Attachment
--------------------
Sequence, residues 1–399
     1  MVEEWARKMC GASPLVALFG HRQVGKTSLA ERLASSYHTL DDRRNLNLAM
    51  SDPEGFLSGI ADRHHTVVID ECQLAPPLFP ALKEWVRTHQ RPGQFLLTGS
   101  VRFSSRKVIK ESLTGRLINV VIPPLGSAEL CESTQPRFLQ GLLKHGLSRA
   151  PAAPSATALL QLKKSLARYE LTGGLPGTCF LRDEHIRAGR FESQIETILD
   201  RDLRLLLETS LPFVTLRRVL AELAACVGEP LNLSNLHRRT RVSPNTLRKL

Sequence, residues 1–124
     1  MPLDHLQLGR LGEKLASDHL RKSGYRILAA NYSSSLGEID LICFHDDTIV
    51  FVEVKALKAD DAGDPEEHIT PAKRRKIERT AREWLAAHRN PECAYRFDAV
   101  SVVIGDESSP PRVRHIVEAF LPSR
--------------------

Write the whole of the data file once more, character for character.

Sequence, residues 1–399
     1  MVEEWARKMC GASPLVALFG HRQVGKTSLA ERLASSYHTL DDRRNLNLAM
    51  SDPEGFLSGI ADRHHTVVID ECQLAPPLFP ALKEWVRTHQ RPGQFLLTGS
   101  VRFSSRKVIK ESLTGRLINV VIPPLGSAEL CESTQPRFLQ GLLKHGLSRA
   151  PAAPSATALL QLKKSLARYE LTGGLPGTCF LRDEHIRAGR FESQIETILD
   201  RDLRLLLETS LPFVTLRRVL AELAACVGEP LNLSNLHRRT RVSPNTLRKL

Sequence, residues 1–124
     1  MPLDHLQLGR LGEKLASDHL RKSGYRILAA NYSSSLGEID LICFHDDTIV
    51  FVEVKALKAD DAGDPEEHIT PAKRRKIERT AREWLAAHRN PECAYRFDAV
   101  SVVIGDESSP PRVRHIVEAF LPSR